Is it safe to visit Russia? Moscow? St Petersburg?
We felt very safe walking around central Moscow and central St Petersburg both day and night. As with most major cities around the world, when you visit Russia just take the same precautions that you would at home, watch out for pickpockets, don’t drink too much and avoid wandering down dark streets alone at night. All things considered, we felt a lot safer walking around Moscow and St Petersburg than say London or New York.
- Once You Find Out What To See in Moscow, You Will Want to Visit
- The Lovely Hotel Akvarel in Moscow
- Hotel Lotte Saint Petersburg, Russia
Can Americans Travel to Russia?
Yes! And, despite all leftover Soviet Era / Cold War preconceptions, we found Moscow and Saint Petersburg to be quite modern and cosmopolitan. We also discovered the Russian people to be warm and welcoming. Visiting Russia as an American changed many of the biases Jonathan had learned since childhood. I had visited Moscow back during the Soviet Union days and found it now to be completely changed and a great place to visit.
Do I need a visa to visit Russia?
Probably. Unless you are a diplomat or a from a limited list of other countries closely allied with Russia, the answer is yes. Certainly, if you are a United States or UK passport holder, you will need one. We have a guide for getting a Russia tourist visa here.
Do I need vaccinations to visit Russia?
No compulsory vaccinations are required for visiting Russia but always check with your GP or doctor before traveling.
Saint Basil’s Cathedral in Moscow
Do I need health insurance to Visit Russia?
Travel health insurance is always a good idea. Officials sometimes ask to see a copy when you apply for your tourist visa.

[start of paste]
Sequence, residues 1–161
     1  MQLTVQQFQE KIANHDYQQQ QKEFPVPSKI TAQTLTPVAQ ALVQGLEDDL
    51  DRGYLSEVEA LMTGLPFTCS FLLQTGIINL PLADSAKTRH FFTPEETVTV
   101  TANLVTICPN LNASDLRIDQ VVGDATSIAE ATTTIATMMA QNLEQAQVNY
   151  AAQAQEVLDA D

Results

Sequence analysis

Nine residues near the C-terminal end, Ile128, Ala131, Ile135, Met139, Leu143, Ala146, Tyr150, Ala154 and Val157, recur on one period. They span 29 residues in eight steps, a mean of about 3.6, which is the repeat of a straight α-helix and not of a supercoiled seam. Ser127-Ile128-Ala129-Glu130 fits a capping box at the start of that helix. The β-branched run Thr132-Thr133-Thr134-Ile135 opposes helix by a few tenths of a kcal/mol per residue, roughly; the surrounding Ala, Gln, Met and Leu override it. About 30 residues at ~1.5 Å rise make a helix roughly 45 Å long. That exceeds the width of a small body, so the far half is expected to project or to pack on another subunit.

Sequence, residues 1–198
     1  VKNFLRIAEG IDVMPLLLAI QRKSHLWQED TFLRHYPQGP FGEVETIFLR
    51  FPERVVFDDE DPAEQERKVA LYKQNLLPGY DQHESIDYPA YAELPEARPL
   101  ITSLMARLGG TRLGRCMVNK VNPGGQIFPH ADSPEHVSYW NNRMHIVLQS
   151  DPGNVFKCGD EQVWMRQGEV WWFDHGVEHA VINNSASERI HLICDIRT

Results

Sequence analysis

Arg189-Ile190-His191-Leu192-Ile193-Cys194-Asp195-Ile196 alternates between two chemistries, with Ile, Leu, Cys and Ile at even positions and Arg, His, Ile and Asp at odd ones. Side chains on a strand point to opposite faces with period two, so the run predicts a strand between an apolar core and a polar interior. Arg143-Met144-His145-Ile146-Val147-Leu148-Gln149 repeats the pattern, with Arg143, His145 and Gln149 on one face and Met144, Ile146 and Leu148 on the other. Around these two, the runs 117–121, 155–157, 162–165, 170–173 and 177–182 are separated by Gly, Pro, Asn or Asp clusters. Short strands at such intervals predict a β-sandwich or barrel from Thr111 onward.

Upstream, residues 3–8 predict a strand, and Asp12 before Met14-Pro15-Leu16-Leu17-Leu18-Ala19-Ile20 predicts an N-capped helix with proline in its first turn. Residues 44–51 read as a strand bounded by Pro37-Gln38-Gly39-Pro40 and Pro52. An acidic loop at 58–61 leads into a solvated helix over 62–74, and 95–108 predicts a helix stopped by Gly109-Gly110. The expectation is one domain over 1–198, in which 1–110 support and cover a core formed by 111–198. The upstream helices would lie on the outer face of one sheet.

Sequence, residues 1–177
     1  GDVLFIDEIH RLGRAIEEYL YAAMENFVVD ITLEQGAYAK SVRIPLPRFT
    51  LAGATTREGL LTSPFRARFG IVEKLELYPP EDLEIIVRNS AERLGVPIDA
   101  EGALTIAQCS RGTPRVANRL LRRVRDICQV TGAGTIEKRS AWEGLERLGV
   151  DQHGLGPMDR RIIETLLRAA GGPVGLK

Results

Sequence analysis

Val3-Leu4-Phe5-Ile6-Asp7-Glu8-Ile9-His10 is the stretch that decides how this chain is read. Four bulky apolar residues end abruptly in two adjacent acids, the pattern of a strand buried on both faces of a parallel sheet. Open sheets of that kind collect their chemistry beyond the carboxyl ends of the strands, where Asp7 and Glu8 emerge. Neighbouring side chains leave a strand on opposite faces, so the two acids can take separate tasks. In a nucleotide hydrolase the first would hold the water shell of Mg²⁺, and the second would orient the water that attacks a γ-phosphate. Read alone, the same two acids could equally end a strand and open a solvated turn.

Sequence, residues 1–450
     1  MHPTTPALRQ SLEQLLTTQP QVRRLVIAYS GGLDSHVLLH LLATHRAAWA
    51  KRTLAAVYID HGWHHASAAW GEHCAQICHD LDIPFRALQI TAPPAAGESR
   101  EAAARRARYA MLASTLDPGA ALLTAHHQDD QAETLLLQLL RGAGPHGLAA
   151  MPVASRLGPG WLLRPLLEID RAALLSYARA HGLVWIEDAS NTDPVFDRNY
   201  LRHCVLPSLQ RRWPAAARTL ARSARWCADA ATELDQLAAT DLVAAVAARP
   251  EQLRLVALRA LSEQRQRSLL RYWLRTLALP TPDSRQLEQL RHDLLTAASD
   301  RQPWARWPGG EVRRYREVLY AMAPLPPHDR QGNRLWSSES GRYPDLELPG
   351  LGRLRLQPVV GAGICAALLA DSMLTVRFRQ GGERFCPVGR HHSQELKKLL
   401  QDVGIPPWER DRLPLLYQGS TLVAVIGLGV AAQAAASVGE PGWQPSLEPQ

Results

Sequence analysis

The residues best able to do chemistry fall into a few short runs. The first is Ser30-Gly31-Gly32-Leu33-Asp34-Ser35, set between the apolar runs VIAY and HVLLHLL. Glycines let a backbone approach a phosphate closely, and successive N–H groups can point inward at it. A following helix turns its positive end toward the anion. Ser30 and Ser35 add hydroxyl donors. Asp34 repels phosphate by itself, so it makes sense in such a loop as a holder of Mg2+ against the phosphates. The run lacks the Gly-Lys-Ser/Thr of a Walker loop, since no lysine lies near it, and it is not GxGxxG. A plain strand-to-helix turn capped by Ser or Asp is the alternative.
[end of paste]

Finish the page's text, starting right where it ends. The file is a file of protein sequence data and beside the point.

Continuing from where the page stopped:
What are the hospitals like in Russia?
It varies across the country, but there are some excellent international standard hospitals in Moscow and St Petersburg. Luckily we didn’t need to test this.
Is it ok to drink the water in Russia?
Brushing your teeth with tap water should be fine, but best to assume that it isn’t safe to drink especially in St Petersburg as the water pipes in some places are rather old. Drink bottled water, or either boil water for 10 minutes, or use water purification tablets or a filter. Water from local shops or supermarkets is cheap to buy, but we found water ordered in restaurants vastly overpriced. A good excuse to stick to wine, or vodka as it was often less expensive.
Can I use my smartphone in Russia?
Yes, but check with your provider regarding roaming fees. Some U.S. phone companies charge up to $10 a day to use a phone overseas. If you have an unlocked smartphone, do what we did. At Moscow airport, there’s a Beeline Telecom office and bought a sim card for 700 rubles (around $11). We got unlimited internet, free incoming calls and 30 minutes domestic and international calls. Other popular phone companies in Russia include MTS and MegaFon. We chose Beeline as it was the first phone shop we saw. It took five minutes to organize. You’ll need your passport to register your phone. And yes, they speak English, well they did at the Moscow airport shop.
Is there WiFi?